The Ram Truck brand has been on a roll for the past two years taking the title as the second best-selling nameplate in the full-size pickup segment and winning numerous awards including back-to-back Motor Trend Truck of the Year titles. The brand’s lineup consists of the all-new Ram 1500 (which debuted in 2018 as a 2019 model year vehicle) which revolutionized the full-size segment, the highly revised Ram Heavy Duty lineup (Ram’s powerhouse truck lineup), and the Ram 1500 Classic (the aged, but value-based offering) have allowed the brand to propel itself lightyears ahead of where the brand stood a decade ago.
While we have spent a lot of time behind the wheel of most of the new Ram 1500 and revised Heavy Duty lineup, we got to spend a lot of time recently jumping back and forth between our long-term 2019 Ram 1500 Laramie Sport Crew Cab 4×4 and our 2020 Ram 2500 Power Wagon tester that Ram sent us a couple of weeks ago and there couldn’t be a pair of trucks so different from one another.
While a lot of people have called the revised Heavy Duty lineup, a fifth-generation Ram, is simply is NOT! The Heavy Duty lineup shares virtually nothing with the all-new Ram 1500. Both trucks share completely different exteriors, with different body panels, cabs, grilles, headlamps, tail lamps, boxes, there isn’t one exterior feature shared between the two, despite the bumpers carrying similar design themes. The new Ram 1500 is more sculpted than the fourth-generation-based Ram Heavy Duty, however, the Heavy Duty looks more aggressive thanks to more “big-rig” themed styling that is more known from past generations of Ram Trucks and is even more noticeable on this Power Wagon model.
While the box is more sculpted on the Ram 1500, the fourth-generation Heavy Duty box is more slab-sided. This can be a plus for those who want the optional RamBox cargo management system on their Heavy Duty pickups since the Heavy Duty models with the RamBox option looks like it blends better on the fourth-generation box when you compare it to how it looks on the sculpted fifth-generation box.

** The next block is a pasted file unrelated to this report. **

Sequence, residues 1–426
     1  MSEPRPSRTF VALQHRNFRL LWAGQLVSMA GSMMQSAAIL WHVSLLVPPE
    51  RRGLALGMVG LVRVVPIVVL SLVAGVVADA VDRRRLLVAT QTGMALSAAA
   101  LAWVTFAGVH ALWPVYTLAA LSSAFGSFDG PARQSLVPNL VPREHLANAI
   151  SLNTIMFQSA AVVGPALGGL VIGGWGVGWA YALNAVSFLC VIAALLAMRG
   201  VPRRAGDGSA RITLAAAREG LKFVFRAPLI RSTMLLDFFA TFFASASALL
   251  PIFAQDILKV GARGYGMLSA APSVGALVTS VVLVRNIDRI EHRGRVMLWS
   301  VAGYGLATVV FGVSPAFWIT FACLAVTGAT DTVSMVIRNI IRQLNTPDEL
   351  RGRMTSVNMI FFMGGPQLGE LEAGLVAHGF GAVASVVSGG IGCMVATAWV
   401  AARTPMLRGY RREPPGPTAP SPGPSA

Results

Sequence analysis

Taillights might share the same design elements between the two trucks, however, the tail lamps on the fifth-generation truck are taller. While the Heavy Duty tail lamps might be smaller in shape, the updated tailgate design on the Heavy Duty still looks more aggressive with a built-in spoiler that leans back more than the fifth-generation one. However, the stamped lines on the tailgate are more prominent on the fifth-generation truck. One thing that is a disappointment on the fourth-generation box is the absence of a capless fuel filler, like the fifth-generation model. This means when you go to the pump, you have to hang the attached fuel cap over the fuel door in order not to have the cap lay against your truck’s paint.
When it comes to the Cab configuration of the trucks, they couldn’t be more different. The fourth-generation-based Heavy Duty offers three configurations with Regular, Crew, and Mega Cab offerings. The fifth-generation pickups are only offered in Quad Cab and Crew Cab models. When you compare Crew Cab models back-to-back, the fifth-generation is night and day better than the one found in the fourth-generation Heavy Duty for several reasons.
Size matters and the fifth-generation Ram 1500 has a Crew Cab that is 4-inches longer than the fourth-generation Crew Cab. This means both the front and rear doors are slightly wider to help ease access into the cab. The added length also comes into play for backseat passengers on the fifth-generation trucks, since they have the ability to recline the rear seats a full 8-degrees. You have to step up to the much larger Mega Cab to have the ability to recline the rear seats in a Heavy Duty. There is also a flat rear floor in the fifth-generation Ram 1500 Crew Cab, while the Heavy Duty Crew Cab still has a low hump in the middle of the rear floor area.
When it comes to the Ram Heavy Duty’s Crew Cab the Ram design team, did a good job updating the existing cabin to make it look new. The door panels have been redesigned, but even though it uses the same window switches as the fifth-generation doors, the memory seat buttons are a carryover from the 2018 model year and look nothing like the bigger more finished controls found on the fifth-generation trucks. The seats may share the same patterns as their fifth-generation half-ton brother but are the same frames as they were before the update. So when you compare the two, the fourth-generation-based seat frames have more side bolstering which may be good for small people, but the fifth-generation seats are flatter and are more comfortable for larger frame people.